The slideshow module acts as a language that includes:
all of scheme;
pict-creating functions from slideshow/pict; and
slide-composing functions from slideshow/base.
The rest of this section repeats information that is presented by the tutorial slideshow, which can be viewed by running the slideshow executable and clicking the Run Tutorial link.
The main Slideshow function is slide, which adds a slide to the presentation with a given content. For example, the “Hello World” presentation can be defined by the following module:
|#:title "How to Say Hello"|
|(t "Hello World!"))|
The t function in this example creates a pict containing the given text using the default font and style.
Executing the above module pops up a slide-presentation window. Type Alt-q (or Meta-q) to end the slides. Here are more controls:
Alt-q, Meta-q, or Cmd-q
end slide show
if confirmed, end show
Right arrow, Space, f, n, or click
Left arrow, Backspace, Delete, or b
Alt-g, Cmd-g, or Meta-g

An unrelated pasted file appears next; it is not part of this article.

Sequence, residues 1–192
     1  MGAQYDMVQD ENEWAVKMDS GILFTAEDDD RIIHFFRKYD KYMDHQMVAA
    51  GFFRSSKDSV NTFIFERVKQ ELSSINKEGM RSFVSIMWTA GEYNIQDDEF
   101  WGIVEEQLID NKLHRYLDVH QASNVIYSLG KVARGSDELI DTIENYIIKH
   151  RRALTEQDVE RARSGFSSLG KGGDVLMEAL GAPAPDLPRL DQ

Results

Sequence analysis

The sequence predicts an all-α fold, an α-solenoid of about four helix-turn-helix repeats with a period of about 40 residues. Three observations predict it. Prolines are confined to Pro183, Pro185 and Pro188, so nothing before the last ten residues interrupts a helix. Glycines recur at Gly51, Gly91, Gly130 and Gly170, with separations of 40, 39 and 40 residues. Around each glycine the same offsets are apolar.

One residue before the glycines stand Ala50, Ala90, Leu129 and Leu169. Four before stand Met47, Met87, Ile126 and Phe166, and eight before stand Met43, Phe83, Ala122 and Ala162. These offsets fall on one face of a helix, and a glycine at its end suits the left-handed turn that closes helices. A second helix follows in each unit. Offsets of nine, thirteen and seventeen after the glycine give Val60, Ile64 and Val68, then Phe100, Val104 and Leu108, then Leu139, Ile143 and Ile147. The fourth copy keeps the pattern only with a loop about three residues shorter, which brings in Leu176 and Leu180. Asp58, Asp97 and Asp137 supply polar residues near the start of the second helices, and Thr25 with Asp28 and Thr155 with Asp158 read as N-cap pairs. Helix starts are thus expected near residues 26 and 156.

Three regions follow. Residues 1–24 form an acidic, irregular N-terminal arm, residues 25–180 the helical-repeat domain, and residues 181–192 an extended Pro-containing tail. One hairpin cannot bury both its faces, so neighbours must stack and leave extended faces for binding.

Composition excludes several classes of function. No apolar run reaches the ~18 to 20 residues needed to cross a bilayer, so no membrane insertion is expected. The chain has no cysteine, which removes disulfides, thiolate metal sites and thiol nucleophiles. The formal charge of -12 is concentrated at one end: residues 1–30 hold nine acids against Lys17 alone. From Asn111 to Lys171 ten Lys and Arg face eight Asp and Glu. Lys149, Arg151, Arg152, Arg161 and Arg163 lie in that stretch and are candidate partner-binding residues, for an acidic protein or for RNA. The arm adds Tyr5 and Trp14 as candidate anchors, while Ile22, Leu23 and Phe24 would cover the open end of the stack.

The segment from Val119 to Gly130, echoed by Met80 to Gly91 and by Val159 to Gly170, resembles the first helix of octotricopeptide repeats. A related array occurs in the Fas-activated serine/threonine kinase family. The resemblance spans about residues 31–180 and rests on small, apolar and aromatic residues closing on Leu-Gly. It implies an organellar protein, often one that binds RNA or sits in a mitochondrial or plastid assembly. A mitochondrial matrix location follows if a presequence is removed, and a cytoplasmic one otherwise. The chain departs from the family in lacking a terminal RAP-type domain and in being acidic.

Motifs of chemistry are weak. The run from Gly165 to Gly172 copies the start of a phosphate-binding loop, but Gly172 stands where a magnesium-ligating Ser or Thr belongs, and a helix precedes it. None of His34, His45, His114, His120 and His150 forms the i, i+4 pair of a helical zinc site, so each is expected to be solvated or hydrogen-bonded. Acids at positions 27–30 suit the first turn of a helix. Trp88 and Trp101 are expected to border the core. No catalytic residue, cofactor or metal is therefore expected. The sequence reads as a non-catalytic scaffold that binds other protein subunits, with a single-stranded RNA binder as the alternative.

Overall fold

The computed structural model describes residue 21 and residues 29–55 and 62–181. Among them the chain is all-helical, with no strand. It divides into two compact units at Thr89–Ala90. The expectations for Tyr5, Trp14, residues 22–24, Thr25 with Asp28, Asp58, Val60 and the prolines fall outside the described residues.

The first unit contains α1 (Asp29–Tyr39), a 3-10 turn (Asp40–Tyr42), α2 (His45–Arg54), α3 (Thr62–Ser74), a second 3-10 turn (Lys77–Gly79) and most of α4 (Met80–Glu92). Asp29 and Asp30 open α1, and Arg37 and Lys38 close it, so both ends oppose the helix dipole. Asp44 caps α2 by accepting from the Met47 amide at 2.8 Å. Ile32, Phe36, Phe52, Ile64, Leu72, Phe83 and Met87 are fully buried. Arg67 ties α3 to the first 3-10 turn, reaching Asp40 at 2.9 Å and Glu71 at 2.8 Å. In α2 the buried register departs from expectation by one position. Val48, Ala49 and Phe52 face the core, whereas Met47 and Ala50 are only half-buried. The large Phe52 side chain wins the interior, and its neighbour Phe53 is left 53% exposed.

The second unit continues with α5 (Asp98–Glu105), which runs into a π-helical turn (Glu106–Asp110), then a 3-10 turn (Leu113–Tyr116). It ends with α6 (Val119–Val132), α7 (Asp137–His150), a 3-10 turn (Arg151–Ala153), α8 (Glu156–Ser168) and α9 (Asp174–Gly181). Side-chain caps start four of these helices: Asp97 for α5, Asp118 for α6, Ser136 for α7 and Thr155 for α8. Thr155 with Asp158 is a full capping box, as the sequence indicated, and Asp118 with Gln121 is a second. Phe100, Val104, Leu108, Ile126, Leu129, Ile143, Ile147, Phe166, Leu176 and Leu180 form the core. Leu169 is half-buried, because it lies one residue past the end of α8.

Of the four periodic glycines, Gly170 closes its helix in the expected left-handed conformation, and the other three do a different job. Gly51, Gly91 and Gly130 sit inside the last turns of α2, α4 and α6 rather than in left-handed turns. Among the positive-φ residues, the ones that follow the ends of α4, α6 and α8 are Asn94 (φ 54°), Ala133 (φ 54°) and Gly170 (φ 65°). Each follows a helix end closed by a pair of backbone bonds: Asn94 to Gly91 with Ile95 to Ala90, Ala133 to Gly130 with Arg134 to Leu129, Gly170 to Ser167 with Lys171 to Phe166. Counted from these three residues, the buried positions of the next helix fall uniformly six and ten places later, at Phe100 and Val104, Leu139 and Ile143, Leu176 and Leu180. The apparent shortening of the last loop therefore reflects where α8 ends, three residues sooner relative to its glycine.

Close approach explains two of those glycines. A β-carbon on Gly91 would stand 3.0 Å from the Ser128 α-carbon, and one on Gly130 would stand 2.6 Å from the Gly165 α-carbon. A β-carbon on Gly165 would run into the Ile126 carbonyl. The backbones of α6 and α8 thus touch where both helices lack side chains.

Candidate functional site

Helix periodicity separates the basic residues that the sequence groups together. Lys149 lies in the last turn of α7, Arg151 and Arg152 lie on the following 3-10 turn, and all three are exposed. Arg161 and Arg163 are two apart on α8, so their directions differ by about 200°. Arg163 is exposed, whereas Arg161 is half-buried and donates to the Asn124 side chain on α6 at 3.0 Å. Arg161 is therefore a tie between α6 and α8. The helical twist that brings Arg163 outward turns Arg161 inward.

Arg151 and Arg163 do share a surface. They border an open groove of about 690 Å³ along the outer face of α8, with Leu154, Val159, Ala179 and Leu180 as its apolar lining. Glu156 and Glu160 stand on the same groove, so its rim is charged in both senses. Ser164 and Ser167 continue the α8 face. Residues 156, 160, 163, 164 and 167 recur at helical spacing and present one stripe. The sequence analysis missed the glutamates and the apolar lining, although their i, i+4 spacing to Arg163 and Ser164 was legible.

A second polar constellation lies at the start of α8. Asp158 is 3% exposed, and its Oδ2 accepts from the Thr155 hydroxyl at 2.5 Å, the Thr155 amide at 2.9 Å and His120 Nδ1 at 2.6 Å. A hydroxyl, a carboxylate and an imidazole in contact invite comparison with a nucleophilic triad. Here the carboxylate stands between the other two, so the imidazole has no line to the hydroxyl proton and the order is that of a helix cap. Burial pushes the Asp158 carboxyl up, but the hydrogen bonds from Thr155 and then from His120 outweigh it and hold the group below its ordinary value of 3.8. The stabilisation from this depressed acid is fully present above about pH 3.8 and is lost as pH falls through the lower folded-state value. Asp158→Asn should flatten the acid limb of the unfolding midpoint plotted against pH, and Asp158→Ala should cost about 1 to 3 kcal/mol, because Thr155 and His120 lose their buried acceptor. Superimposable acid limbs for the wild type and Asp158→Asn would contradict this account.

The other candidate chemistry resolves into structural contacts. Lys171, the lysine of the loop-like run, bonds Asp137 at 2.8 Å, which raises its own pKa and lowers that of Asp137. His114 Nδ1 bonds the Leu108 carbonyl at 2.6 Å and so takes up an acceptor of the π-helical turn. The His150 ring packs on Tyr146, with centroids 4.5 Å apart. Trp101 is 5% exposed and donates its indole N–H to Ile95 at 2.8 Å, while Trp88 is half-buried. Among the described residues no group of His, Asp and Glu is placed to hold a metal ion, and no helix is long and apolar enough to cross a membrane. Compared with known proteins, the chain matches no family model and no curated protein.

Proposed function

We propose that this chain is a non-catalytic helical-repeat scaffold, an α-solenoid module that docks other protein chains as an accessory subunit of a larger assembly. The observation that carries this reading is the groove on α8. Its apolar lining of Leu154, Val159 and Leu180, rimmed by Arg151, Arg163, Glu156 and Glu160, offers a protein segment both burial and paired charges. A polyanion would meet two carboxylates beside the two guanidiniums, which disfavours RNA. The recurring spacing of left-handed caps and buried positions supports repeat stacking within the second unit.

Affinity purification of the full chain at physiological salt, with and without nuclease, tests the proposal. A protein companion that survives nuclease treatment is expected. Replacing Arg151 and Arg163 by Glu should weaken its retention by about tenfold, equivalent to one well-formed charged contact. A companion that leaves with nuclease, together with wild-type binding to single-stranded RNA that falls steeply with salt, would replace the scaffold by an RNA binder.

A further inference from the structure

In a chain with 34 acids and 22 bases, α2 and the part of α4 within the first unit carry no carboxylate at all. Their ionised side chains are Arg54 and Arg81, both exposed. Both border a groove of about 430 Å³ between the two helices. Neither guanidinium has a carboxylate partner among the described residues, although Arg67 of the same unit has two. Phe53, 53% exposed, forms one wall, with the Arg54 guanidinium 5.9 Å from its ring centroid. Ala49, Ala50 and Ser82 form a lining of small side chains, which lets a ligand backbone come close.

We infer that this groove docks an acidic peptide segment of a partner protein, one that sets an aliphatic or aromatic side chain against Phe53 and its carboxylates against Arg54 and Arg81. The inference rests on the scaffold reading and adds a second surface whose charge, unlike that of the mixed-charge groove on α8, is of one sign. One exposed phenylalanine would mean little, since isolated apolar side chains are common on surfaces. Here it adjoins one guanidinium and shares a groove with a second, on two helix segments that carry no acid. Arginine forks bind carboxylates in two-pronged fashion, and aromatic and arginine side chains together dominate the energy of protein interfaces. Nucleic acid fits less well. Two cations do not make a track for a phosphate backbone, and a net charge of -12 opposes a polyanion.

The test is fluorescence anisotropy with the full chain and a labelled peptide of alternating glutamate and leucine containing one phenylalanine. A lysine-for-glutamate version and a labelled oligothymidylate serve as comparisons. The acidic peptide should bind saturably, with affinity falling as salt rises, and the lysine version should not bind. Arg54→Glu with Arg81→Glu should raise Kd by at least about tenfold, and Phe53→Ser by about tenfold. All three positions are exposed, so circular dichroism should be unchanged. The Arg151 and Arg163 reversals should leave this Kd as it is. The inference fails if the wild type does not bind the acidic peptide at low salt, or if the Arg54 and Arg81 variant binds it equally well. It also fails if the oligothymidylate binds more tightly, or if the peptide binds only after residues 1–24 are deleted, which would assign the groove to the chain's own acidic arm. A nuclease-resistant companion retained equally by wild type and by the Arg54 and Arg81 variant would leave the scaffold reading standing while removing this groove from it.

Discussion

select a slide
Alt-p, Cmd-p, or Meta-p
show/hide slide number
Alt-c, Cmd-c, or Meta-c
Alt-d, Cmd-d, or Meta-d
Alt-m, Cmd-m, or Meta-m
show/hide mouse cursor
Shift with arrow
move window 1 pixel
Alt, Meta, or Cmd with arrow
move window 10 pixels
The slide function accepts any number of arguments. Each argument is a pict to be centered on the slide. The picts are stacked vertically with gap-size separation between each pict, and the total result is centered (as long as there’s a gap of at least (* 2 gap-size) between the title and content).
|#:title "How to Say Hello"|
|(t "Hello World!")|
|(t "Goodbye Dlrow!"))|
Various functions format paragraphs and generate bulleted items for lists. For example, item creates a bulleted paragraph that spans (by default) the middle 2/3 of the slide:
|#:title "How to Say Hello"|
|(item "If you want to create an example, you"|
|"can always do something with" (bt "Hello World!"))|
|(item "It's a bit silly, but a follow-up example"|
|"could be" (bt "Goodbye Dlrow!")))|